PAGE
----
FILM REVIEW | THE BIG SHORT

When making a film about a delicate subject that had a massive effect on so many people’s lives, you have to approach it with great care. To then go and make this into a buoyant comedy, is an even greater test on the directors ability. Here we have a film based on the 2010 book 'The Big Short: Inside the Doomsday Machine’, written by Michael Lewis, about the Financial crash of 08 and this massive task fell to director Adam McKay.





Written by Elliot Lines

The main challenge for a movie like this is to get the story across to the audience without losing them. With such a difficult subject to play with it had to be explained in the right manner, this was done throughout the movie using different techniques. We become accustomed to the occasional breaking the 4th wall (speaking to the audience) cut aways to explain events that are going on in the movie. We also have celebrities, most notably Margot Robbie in a bathtub, that express the financial world through relatable metaphors within the real world. This really helps the audience understand the movie, and adds a lot of depth to the script in the process.


A star studded cast for this film, we are assured to get a good showing, and we definitely got that. Steve Carell was a standout, the slight hints of the ‘Michael Scott’ character from “The Office” were seen in his performance, but definitely a more straight version. Christian Bale played a socially inept, quirky character that prefers to work with numbers rather than people, Bale is perfect within this role and portrays it spectacularly. Other notable mentions have to go to Ryan Gosling and Brad Pitt, who with limited screen time got across their characters personalities really well.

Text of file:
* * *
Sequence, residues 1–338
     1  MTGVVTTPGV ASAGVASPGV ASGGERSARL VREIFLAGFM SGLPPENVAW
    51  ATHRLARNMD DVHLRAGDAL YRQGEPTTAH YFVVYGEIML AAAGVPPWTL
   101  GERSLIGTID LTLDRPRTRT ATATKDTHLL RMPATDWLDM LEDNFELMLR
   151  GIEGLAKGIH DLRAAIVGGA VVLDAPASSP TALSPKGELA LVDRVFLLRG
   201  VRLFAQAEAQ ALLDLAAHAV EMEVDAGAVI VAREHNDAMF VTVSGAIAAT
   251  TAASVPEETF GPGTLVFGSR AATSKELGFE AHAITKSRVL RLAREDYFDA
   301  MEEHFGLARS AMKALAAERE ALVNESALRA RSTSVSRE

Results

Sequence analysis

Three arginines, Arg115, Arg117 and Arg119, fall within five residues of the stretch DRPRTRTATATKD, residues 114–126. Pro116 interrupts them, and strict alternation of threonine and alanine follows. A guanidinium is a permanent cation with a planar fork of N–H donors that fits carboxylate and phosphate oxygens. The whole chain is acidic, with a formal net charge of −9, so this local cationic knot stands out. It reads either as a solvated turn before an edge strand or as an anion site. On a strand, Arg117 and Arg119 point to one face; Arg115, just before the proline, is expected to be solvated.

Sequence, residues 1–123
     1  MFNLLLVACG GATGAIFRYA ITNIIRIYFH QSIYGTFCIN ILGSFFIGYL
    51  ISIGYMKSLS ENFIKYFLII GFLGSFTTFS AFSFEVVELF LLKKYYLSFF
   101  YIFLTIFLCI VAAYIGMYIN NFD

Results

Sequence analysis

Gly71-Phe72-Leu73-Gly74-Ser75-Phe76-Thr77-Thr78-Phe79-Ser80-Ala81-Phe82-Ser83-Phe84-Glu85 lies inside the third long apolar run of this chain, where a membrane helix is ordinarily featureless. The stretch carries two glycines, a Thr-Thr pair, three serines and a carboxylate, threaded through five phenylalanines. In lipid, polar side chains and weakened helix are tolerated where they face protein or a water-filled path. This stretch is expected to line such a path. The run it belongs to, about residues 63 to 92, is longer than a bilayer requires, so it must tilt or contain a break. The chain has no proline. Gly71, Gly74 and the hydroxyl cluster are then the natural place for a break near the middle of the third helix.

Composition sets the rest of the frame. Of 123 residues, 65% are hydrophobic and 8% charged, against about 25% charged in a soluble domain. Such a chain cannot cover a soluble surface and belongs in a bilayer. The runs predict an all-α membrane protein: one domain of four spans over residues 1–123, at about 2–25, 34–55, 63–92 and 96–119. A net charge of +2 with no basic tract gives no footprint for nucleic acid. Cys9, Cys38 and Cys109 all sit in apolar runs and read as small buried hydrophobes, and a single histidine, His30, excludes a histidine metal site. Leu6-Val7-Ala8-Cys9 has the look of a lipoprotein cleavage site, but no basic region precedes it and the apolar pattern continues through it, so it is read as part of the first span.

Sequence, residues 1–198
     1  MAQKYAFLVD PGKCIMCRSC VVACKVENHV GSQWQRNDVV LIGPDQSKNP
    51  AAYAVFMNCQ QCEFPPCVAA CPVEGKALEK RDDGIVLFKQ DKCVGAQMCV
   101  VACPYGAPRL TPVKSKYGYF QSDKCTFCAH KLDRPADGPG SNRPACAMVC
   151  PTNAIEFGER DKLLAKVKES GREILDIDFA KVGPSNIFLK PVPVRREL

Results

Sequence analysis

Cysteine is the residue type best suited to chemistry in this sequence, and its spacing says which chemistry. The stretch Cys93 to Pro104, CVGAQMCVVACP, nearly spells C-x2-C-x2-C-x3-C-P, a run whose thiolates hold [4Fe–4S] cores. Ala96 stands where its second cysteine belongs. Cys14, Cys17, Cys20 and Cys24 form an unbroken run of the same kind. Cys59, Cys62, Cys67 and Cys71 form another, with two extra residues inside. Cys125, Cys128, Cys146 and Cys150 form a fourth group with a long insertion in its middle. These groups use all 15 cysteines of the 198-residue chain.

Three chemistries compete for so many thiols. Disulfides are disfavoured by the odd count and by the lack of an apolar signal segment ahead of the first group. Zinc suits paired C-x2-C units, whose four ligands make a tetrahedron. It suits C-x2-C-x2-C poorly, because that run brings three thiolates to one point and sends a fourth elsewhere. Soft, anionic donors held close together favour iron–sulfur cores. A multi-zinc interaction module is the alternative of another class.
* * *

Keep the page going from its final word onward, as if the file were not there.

This film managed to deliver a serious subject with great attention to detail. Due to the way in which this was made it is thought provoking and easy to follow. Yes it probably takes a couple of viewings to absorb all the information, but Adam McKay has successfully made a lighter look into this with some comedic moments and just good all round film-making.